The Peter and Gertrud Klopp Family Project

Reflections on Life, Family and Community

Daily Archives: October 2, 2015

Chapter XIV of the P. and G. Klopp Story – Part 1


Travels to Berlin (1959), Spain (1960) and Yugoslavia (1961)


The world is a book and those who do not travel read only one page.

St. Augustine

Brandenburg Gate 1959

Brandenburg Gate 1959

During my Easter holidays Mr. and Mrs. Peter L., who had recently escaped from the German Democratic Republic (GDR), invited me to come and visit them in West Berlin. Whether they were distant relatives or just friends of the family, I can no longer tell with certainty. But after their escape from the Eastern Zone, as the GDR was called, they had often visited us in Wesel. In those days West Berlin was geographically isolated from West Germany. It was an exclave surrounded by communist East Germany. Also a fence stretching over a thousand kilometers following the inner German border complete with thousands of observation towers prevented the mass migration from the east. Many people died in their attempt to flee from their ‘socialist paradise’.

State Museum 1959

Old State Museum 1959

The rapid train I had taken from Cologne stopped at the border where travelers had to show their passports to cross the Iron Curtain to go from one part of Germany through another part of Germany to Berlin. This was the only stop for the train. After it had been given the green light, it sped through all the major railway stations past many towns as if trying to shield us from the ugly sights of a country that still lay in ruins so many years after the war. At the border station near West Berlin another even more thorough inspection was being made that included the search for fugitives who might have jumped in transit onto the train. Border guards were using specially trained dogs to sniff out any potential escapees clinging to the train’s undercarriages in their desperate attempt to get to freedom. Finally the train was given clearance and allowed to cross into West Berlin. I breathed a sigh of relief, when our train rumbled into the main station, where Peter L. was waiting for me at the platform.

Soviet War memorial commemorating the 80,000 Russian soldiers who died in April and May 1945

Soviet War Memorial 1959

On the very next day Peter took me on a whirlwind sightseeing tour through the divided city that was still interconnected by subway, streetcar and roads. Thus, Berlin was the only remaining escape route for thousands of refugees, until the building of the infamous wall stopped the ever-increasing flow in 1961. Among the sights were the illustrious Brandenburg Gate, which stood right behind the border crossing in East Berlin, and the Soviet War memorial commemorating the 80,000 Russian soldiers who died in April and May 1945 in the Battle of Berlin. Then we went to see the Congress Hall, which on account of its shell-like shape the Berliners irreverently call the Pregnant Oyster. Here Bill Haley and his rock and roll band caused an uproar, when he whipped the mob of young fans into such a frenzy that they demolished their seats normally reserved for more conservative concert goers.

The Congress Hall (Pregnant Oyster)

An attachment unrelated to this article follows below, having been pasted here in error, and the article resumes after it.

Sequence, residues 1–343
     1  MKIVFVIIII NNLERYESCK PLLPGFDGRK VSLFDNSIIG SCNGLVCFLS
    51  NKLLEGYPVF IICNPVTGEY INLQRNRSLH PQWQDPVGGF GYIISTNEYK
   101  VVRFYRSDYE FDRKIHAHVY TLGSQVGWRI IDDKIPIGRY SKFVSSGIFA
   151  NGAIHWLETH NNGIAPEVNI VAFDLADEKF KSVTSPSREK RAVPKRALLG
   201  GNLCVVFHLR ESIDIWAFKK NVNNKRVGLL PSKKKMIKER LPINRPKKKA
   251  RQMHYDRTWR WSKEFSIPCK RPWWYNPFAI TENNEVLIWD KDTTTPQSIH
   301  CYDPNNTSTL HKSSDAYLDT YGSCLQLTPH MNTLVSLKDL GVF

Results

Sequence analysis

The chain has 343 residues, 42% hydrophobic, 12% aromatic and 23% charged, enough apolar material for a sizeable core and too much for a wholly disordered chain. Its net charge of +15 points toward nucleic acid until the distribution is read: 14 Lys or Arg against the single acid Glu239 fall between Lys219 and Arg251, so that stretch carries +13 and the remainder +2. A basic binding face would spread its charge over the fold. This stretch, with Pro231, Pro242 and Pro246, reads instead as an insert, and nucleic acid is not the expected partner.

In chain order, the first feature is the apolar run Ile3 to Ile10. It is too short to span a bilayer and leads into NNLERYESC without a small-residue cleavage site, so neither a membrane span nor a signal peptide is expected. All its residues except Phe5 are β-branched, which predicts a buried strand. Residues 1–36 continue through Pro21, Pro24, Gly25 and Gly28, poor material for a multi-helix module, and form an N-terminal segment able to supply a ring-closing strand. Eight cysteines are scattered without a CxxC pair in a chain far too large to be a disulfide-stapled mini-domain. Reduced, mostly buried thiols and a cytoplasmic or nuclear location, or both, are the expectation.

The Congress Hall (Pregnant Oyster)

We also looked at the Reichstag building, which was almost completely destroyed during WWII and now was being reconstructed. We were not much impressed by the Stalin Boulevard.

Stalin Boulevard - Now it is called again Unter den Linden

Stalin Boulevard – Now it is called Karl-Marx Street.

With its new box-like massive apartment buildings, built Soviet style, the structures were completely out of tune with modern architecture, but were designed to serve as a showpiece of the fledgling East German capital. There were so many impressions that at the end of the day I could no longer absorb any more sights. In today’s language I began to suffer from a severe case of information overload.

The Reichstag Building under Reconstruction 1959

The Reichstag Building under Reconstruction 1959

So I was glad when Peter suggested we should go and find a place to eat. As a former citizen of the GDR he knew that the basic necessities of life, such as food, were heavily subsidized by the socialist state. As it was close to dinnertime, he took me to the great student-dining hall of the Humboldt University in East Berlin. There we feasted with a good appetite on an excellent meal complete with roast beef, fresh veggies, beer and dessert for the extremely low price of two east marks. Considering the depressed value of the currency often trading at less than one tenth of the value of the West German mark, we had our fill for the measly amount of 20 pennies, for about a Canadian nickel. Even though I had learned early to look out for a bargain, it did not feel right to take advantage of a state supported facility that was not based on profit but on service to the people. Later on I found out that the West German government in Bonn heavily subsidized West Berlin to help with housing and food expenses. Even luxury items, such as coffee, cigarettes and liquor were selling so cheaply that even I could buy half a dozen bottles of fruit wine with my pocket-money for as little as six marks. West Berlin had become a showcase for the entire world, a giant billboard of glamour and glitter, the gateway to the ‘Golden West’. Refugees from East Germany found out upon their arrival the harsh realities of life in camps, old army barracks, and other emergency shelters. The reader may wish to read more on this topic in my wife’s blog


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